Fixing the Economy Means Fixing Immigration

During the past week, much has been made of President Obama’s 38-word mention of immigration during his State of the Union address. Understandably, some advocates were disappointed that immigration reform did not get nearly as much air time as the rebuilding the economy – the perception being that this administration will address the latter before the former. But even though the economy is likely to be the dominant political topic in 2010, there are avenues that reform advocates can take to inject immigration into that conversation.

Last month, the Immigration Policy Center together with the Center for American Progress released a study finding that legalizing the approximately 12 million undocumented immigrants in the United States would add $1.5 trillion to the GDP over 10 years. In December, a coalition of House lawmakers said that immigration reform could actually protect American workers, raising the floor for wages across the country. And research conducted in Texas and California found that immigrants add far more to the economy than they take out.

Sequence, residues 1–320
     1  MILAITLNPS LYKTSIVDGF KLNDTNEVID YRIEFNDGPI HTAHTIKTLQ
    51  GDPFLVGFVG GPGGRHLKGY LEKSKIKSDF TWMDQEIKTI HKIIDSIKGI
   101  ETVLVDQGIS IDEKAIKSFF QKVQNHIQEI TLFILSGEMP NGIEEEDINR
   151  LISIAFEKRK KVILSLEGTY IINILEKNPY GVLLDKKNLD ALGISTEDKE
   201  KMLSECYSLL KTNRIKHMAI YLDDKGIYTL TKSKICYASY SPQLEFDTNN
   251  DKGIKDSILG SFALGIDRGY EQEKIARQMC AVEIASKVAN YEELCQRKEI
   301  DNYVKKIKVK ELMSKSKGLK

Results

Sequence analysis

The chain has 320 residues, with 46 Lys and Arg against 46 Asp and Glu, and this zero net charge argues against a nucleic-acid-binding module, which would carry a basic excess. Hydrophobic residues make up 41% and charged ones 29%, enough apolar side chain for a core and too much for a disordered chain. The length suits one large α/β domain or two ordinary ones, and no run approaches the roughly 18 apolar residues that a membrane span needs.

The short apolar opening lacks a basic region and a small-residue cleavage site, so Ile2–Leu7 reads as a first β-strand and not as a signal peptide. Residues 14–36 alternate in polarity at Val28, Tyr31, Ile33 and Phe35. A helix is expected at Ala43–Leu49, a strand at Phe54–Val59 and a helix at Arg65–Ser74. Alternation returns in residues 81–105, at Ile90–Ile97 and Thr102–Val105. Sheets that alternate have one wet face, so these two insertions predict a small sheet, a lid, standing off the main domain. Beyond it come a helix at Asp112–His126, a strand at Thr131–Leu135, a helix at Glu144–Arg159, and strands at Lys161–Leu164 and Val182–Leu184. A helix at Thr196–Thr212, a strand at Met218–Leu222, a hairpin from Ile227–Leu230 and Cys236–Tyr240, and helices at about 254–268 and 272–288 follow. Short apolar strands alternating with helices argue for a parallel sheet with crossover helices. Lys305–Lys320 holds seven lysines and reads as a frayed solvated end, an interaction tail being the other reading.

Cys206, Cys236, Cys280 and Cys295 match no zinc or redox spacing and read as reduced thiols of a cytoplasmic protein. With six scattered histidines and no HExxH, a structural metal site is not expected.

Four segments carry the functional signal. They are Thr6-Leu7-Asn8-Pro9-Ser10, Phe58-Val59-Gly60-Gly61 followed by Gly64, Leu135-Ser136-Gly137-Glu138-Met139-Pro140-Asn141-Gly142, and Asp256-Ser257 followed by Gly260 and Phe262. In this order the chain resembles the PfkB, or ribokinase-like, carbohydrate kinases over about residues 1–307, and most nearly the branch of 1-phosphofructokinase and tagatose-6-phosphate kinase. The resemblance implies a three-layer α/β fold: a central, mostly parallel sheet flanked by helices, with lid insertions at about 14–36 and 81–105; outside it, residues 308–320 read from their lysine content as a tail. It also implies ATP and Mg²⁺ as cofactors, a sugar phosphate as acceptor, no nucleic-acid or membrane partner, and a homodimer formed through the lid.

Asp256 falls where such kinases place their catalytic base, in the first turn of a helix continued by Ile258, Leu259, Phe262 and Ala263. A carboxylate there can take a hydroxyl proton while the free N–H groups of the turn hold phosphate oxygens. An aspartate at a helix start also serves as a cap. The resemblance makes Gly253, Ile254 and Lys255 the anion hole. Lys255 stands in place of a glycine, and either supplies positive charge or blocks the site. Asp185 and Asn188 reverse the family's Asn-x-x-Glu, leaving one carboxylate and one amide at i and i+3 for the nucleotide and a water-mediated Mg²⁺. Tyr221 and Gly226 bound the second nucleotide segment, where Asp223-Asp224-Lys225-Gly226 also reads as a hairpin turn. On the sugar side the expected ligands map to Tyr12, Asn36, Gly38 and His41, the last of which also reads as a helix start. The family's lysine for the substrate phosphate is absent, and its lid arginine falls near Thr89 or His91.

If Congress and President Obama are going to turn the economy around, they will need to consider all sensible solutions. Fixing the nation’s broken immigration system is indeed the right thing to do; but if lawmakers are too wary of the subject to address it on moral grounds, advocates need to capitalize on the sense of urgency that surrounds the economy. The more they see immigration reform as an economic solution, the more likely it is that the country will see real change on either issue sooner rather than later.

Read more at The Opportunity Agenda website.

Tags: immigration, sotu, Opportunity, Economy (all tags)

Comments

1 Comment

no

both problems are caused by neoliberal policy, neither is causing the other

by The Weekly Glass 2010-02-06 09:58PM | 0 recs

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